High mountains come down to the lake, leaving in places scarcely room for a road, and although the waters are quiet as a rule, yet they are subject to sudden and violent storms.
At many points within the basin of the former lake, Lahonton, there are strange-appearing deposits of calcareous tufa, either encrusting the rocks or rising in curious and fantastic towers and domes. The waters of the lake were richly impregnated with calcium carbonate, derived in part from the incoming streams, but more largely probably from calcareous springs. As the lake waters receded, the salts in solution became more concentrated and soon began to form chemical precipitates upon projecting rocky points. In the port ion of the basin now occupied by Pyramid Lake the springs were more numerous and the water consequently more richly impregnated with lime. As a result, we find to-day in and about this lake the most interesting and remarkable tufa deposits known in all the Great Basin.
The tufa deposits are of various sorts and appearances, the differences being due to changes in the chemical properties of the water at various stages. Some of the forms are merely encrusting, and apparently structureless. Others show beautiful dendritic and interlacing figures, lapping over each other like the successive branches of some organic growth. The great deposits in Pyramid Lake have been built up in the form of towers, domes and pinnacles. The smaller ones bear a most striking resemblance to great thick mushrooms with a concentric
structure. These mushroom-like growths start from some projecting point or pebble and increase in size by precipitation from the surrounding water, until, massing together, the great domes and pinnacles have been built up, rising hundreds of feet in the air.
While these deposits are still being formed in Pyramid Lake, the large ones which rise so picturesquely from the water must, of course, have been formed before Lake Lahonton had entirely disappeared, and it has been only through the continued recession of the water that the deposits have become exposed to our observation.
Following the road northward along the west side of the lake, we pass many curious forms assumed by the tufa. Here is one upon a projecting point of the shore like an old ruined castle, there by the roadside a cluster of nearly spherical domes, partly broken down and showing the concentric inner structure. But upon the far side of the lake, standing out clearly in the desert air, rises the most attractive feature of all. It is Pyramid Island, and we do no! wonder at Fremont's naming it as he did.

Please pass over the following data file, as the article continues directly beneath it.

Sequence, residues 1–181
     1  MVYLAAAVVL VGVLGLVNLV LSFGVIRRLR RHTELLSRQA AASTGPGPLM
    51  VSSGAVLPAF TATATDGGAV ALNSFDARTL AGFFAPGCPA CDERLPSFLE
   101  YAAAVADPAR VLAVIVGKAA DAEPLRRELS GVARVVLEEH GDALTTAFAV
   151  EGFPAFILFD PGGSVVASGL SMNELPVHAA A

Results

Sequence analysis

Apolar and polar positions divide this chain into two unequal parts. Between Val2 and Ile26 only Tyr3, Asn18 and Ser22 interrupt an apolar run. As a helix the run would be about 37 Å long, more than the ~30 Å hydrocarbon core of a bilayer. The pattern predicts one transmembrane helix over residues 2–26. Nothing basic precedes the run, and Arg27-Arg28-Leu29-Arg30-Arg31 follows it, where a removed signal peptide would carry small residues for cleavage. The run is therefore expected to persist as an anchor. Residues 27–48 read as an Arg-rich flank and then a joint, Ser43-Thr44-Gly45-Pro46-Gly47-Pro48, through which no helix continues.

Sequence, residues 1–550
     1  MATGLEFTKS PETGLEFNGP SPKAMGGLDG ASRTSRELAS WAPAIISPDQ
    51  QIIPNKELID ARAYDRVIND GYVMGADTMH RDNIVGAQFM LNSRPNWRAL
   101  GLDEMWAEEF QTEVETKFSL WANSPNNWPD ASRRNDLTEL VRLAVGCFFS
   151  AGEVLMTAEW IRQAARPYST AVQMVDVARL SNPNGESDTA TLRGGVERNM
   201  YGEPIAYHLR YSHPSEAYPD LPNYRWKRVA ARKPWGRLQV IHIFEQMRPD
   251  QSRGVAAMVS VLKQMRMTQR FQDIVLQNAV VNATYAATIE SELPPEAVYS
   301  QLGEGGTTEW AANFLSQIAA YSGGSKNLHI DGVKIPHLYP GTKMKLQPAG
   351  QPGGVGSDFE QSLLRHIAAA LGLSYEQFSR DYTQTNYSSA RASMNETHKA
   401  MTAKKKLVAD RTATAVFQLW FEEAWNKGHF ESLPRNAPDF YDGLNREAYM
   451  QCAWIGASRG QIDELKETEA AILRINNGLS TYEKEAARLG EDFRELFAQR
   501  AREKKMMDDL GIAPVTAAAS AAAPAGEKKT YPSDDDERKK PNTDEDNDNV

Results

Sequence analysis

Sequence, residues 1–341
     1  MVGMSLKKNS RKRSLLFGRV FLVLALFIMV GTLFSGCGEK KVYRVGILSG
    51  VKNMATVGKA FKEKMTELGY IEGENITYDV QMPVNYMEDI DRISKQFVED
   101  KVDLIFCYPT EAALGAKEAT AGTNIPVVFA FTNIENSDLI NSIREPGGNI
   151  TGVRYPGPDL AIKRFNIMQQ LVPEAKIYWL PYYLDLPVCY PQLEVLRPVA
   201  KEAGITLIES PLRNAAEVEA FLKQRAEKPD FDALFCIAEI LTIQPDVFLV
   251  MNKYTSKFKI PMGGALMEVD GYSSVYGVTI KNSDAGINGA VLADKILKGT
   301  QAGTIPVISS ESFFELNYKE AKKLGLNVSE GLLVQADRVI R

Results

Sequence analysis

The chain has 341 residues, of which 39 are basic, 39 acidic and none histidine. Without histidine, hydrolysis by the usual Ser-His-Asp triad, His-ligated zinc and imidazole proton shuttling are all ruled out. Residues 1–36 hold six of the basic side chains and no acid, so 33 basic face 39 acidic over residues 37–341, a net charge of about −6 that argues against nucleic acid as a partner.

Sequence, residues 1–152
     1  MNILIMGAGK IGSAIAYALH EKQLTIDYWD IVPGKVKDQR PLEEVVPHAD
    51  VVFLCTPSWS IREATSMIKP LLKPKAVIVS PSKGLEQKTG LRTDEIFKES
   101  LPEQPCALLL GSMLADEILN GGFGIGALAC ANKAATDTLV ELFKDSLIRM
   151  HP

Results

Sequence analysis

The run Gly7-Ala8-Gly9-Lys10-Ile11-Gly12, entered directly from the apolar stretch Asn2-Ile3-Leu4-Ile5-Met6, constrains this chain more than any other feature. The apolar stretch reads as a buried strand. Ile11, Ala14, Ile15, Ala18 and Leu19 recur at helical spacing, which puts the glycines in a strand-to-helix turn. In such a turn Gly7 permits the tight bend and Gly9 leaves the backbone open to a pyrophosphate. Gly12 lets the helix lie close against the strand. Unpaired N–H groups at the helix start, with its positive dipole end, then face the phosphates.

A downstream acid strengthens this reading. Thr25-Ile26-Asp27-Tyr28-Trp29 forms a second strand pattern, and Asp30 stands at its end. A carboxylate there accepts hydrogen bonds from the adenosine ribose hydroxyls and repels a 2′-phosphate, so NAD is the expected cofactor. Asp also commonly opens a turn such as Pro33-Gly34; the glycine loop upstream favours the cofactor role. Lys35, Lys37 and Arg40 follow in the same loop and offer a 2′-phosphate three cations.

Hiring a boat at a little ranch by the shore, we rowed across the clear and quiet waters of the lake to Pyramid and Anaho islands. The latter island is completely encrusted with the dendritic In fa. which from a distance appears like the overlapping scales upon some gigantic animal.
Upon the eastern side of the islands, rising from the edge of the water there is a most picturesque deposit, known as the mushroom rock and shown in the accompanying photograph. Rising from a firm base, the deposit becomes smaller, and then at the top swells out in a spherical head.Pyramid Island next demanded attention, and a row of a mile farther brought us close under its towering cliffs. It rises almost vertically from the water, but its sides soon become more sloping and terminate in a point nearly 300 feet high. Its shape is almost symmetrical from whichever side it is viewed. Its surface is of a very light color, and consequently it is a conspicuous landmark from all points about the lake.
It is but a short distance from the island to the eastern shore, where Fremont camped and made the sketch which accompanies his narrative. This is a favorite camping spot for the Indians while engaged in fishing. Upon a projecting point near here there is a large cluster of very perfect tufa domes. They are among the finest about the lake. Several of them stand out from the others and exhibit finely their manner of growth. Starting from a point upon the rocks, the mushroom-like form spreads out until eight or ten feet in diameter and is then completed by a perfect hemispherical upper surface.